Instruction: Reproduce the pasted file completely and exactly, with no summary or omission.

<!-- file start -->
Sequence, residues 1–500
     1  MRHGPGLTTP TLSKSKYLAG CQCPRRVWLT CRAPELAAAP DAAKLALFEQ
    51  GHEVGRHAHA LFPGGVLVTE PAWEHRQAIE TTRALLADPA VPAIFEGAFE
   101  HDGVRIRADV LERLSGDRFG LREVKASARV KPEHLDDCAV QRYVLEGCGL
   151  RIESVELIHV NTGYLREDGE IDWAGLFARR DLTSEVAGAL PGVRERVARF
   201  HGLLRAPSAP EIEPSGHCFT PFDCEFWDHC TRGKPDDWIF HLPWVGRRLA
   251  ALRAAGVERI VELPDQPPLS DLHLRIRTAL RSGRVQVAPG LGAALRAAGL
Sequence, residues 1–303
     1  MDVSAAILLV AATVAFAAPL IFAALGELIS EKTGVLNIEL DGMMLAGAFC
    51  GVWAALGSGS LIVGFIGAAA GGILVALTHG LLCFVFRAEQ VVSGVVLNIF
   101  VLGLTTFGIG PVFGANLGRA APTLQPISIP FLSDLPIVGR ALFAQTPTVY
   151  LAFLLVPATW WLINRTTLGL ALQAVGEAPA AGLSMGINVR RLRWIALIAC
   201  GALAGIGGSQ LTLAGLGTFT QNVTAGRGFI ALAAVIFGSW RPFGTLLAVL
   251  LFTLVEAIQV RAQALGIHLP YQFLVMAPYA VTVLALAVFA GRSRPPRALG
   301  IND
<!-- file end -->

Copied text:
Sequence, residues 1–500
     1  MRHGPGLTTP TLSKSKYLAG CQCPRRVWLT CRAPELAAAP DAAKLALFEQ
    51  GHEVGRHAHA LFPGGVLVTE PAWEHRQAIE TTRALLADPA VPAIFEGAFE
   101  HDGVRIRADV LERLSGDRFG LREVKASARV KPEHLDDCAV QRYVLEGCGL
   151  RIESVELIHV NTGYLREDGE IDWAGLFARR DLTSEVAGAL PGVRERVARF
   201  HGLLRAPSAP EIEPSGHCFT PFDCEFWDHC TRGKPDDWIF HLPWVGRRLA
   251  ALRAAGVERI VELPDQPPLS DLHLRIRTAL RSGRVQVAPG LGAALRAAGL
Sequence, residues 1–303
     1  MDVSAAILLV AATVAFAAPL IFAALGELIS EKTGVLNIEL DGMMLAGAFC
    51  GVWAALGSGS LIVGFIGAAA GGILVALTHG LLCFVFRAEQ VVSGVVLNIF
   101  VLGLTTFGIG PVFGANLGRA APTLQPISIP FLSDLPIVGR ALFAQTPTVY
   151  LAFLLVPATW WLINRTTLGL ALQAVGEAPA AGLSMGINVR RLRWIALIAC
   201  GALAGIGGSQ LTLAGLGTFT QNVTAGRGFI ALAAVIFGSW RPFGTLLAVL
   251  LFTLVEAIQV RAQALGIHLP YQFLVMAPYA VTVLALAVFA GRSRPPRALG
   301  IND